The House late Wednesday passed its fiscal 2014 budget, a $34 billion document balanced with new taxes and withdrawals from state reserves, on a party-line 127-29 vote.
The House vote was the most recent iteration in a game of fiscal chess between Governor Deval Patrick and legislative leaders. After Patrick stumped for a $1.9 billion tax increase to bankroll transportation and education spending, House Speaker Robert DeLeo and Senate President Therese Murray responded with a $500 million tax hike, much narrower in scope than Patrick’s.
Patrick quickly issued a veto threat, and, with ill feelings running high on Beacon Hill, the Senate passed a compromise measure. That bill, though, still rejects Patrick’s proposal to spend more on early education.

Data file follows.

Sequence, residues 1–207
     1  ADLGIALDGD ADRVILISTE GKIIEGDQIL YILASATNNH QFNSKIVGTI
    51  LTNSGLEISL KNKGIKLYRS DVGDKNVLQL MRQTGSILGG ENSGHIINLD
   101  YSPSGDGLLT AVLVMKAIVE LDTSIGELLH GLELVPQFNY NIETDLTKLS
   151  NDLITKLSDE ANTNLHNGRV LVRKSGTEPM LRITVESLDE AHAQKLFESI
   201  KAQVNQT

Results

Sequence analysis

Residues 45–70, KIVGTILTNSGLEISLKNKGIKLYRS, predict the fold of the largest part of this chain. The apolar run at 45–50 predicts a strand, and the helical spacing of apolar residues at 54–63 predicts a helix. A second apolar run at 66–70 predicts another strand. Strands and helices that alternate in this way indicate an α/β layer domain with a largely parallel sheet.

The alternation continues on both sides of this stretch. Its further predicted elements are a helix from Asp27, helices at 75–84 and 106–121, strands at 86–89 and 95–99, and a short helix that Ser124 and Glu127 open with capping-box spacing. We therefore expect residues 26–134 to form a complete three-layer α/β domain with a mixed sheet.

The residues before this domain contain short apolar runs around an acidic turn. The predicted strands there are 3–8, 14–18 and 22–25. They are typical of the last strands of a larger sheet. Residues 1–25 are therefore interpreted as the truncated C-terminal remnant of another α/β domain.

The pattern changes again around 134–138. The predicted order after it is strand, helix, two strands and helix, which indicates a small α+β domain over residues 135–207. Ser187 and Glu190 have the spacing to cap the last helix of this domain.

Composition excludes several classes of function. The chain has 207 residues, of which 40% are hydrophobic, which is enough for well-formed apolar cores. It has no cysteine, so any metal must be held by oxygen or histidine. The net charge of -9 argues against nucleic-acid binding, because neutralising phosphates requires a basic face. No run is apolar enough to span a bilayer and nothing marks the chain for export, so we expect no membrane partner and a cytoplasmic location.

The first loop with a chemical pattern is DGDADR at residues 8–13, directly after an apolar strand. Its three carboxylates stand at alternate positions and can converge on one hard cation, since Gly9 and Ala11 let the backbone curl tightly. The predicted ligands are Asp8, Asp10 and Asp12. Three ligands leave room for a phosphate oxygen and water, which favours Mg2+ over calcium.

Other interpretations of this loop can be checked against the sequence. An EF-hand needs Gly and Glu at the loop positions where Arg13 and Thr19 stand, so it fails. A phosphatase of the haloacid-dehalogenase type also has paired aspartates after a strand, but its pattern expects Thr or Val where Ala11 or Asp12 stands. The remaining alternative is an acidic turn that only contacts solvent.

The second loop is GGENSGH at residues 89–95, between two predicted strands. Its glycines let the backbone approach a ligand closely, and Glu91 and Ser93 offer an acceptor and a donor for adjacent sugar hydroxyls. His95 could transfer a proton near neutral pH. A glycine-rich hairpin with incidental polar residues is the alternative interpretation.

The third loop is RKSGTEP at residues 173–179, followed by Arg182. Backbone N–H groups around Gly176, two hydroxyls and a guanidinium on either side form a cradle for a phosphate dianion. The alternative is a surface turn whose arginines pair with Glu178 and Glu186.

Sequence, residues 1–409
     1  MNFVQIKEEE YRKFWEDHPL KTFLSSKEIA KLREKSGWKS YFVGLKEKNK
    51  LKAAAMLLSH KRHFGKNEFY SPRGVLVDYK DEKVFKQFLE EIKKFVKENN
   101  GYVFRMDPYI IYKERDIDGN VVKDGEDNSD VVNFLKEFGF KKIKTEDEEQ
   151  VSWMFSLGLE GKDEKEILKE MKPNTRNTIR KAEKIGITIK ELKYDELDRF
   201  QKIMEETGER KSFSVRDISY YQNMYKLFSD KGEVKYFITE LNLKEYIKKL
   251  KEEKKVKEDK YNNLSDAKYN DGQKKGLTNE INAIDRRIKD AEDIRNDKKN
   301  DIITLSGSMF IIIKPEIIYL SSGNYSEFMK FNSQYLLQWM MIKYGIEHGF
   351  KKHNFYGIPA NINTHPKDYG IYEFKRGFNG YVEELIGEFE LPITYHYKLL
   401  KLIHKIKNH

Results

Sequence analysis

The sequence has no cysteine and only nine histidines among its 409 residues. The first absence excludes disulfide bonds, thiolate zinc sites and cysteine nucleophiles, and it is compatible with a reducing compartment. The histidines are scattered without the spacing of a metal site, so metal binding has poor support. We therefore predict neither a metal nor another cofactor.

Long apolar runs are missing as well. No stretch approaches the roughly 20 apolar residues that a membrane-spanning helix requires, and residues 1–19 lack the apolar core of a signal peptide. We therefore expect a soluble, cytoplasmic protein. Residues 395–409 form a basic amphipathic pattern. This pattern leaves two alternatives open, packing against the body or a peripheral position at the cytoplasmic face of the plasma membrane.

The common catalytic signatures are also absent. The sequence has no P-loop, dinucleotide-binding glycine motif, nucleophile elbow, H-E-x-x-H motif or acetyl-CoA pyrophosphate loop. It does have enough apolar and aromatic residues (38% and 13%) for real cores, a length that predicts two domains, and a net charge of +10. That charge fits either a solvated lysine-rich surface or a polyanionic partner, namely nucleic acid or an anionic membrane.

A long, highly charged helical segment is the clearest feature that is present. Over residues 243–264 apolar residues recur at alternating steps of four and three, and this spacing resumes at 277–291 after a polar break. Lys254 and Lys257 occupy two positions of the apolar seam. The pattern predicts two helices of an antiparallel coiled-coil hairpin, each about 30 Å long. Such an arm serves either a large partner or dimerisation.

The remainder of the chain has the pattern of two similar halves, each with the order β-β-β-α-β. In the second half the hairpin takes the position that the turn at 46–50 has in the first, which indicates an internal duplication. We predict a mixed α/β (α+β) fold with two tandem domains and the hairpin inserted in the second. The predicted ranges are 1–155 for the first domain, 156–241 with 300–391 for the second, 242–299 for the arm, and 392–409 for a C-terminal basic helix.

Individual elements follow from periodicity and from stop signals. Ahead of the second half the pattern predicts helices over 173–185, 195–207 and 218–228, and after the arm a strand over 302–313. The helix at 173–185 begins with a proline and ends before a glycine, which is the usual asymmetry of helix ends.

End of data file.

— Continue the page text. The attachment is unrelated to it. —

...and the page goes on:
After State House intrigue and high-stakes fiscal dilemmas were shelved last week by the terrorist attacks, this week’s House budget debate became the next theater. Spending in the operating budget relies on tax increases in the transportation bill. House members this week were combing line items for evidence that any colleagues who voted against DeLeo’s original transportation bill had faced retribution in the form of reduced appropriations for their districts or priorities.
Now the action moves to the Senate, likely to hold its budget debate next month. After the Senate passes its spending plan, the two chambers will likely work to reconcile their own versions of the two bills: the transportation and tax package, and the budget.